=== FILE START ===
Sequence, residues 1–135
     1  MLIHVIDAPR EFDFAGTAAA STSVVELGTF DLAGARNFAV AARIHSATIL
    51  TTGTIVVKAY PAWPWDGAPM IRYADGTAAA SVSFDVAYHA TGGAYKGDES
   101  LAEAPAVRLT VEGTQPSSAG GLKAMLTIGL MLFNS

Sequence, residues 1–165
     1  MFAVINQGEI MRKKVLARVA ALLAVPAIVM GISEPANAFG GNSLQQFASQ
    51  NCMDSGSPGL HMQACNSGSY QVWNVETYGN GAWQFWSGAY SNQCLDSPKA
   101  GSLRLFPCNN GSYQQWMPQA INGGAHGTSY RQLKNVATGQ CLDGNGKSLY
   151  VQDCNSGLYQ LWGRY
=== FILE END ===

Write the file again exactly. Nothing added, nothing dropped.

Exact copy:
Sequence, residues 1–135
     1  MLIHVIDAPR EFDFAGTAAA STSVVELGTF DLAGARNFAV AARIHSATIL
    51  TTGTIVVKAY PAWPWDGAPM IRYADGTAAA SVSFDVAYHA TGGAYKGDES
   101  LAEAPAVRLT VEGTQPSSAG GLKAMLTIGL MLFNS

Sequence, residues 1–165
     1  MFAVINQGEI MRKKVLARVA ALLAVPAIVM GISEPANAFG GNSLQQFASQ
    51  NCMDSGSPGL HMQACNSGSY QVWNVETYGN GAWQFWSGAY SNQCLDSPKA
   101  GSLRLFPCNN GSYQQWMPQA INGGAHGTSY RQLKNVATGQ CLDGNGKSLY
   151  VQDCNSGLYQ LWGRY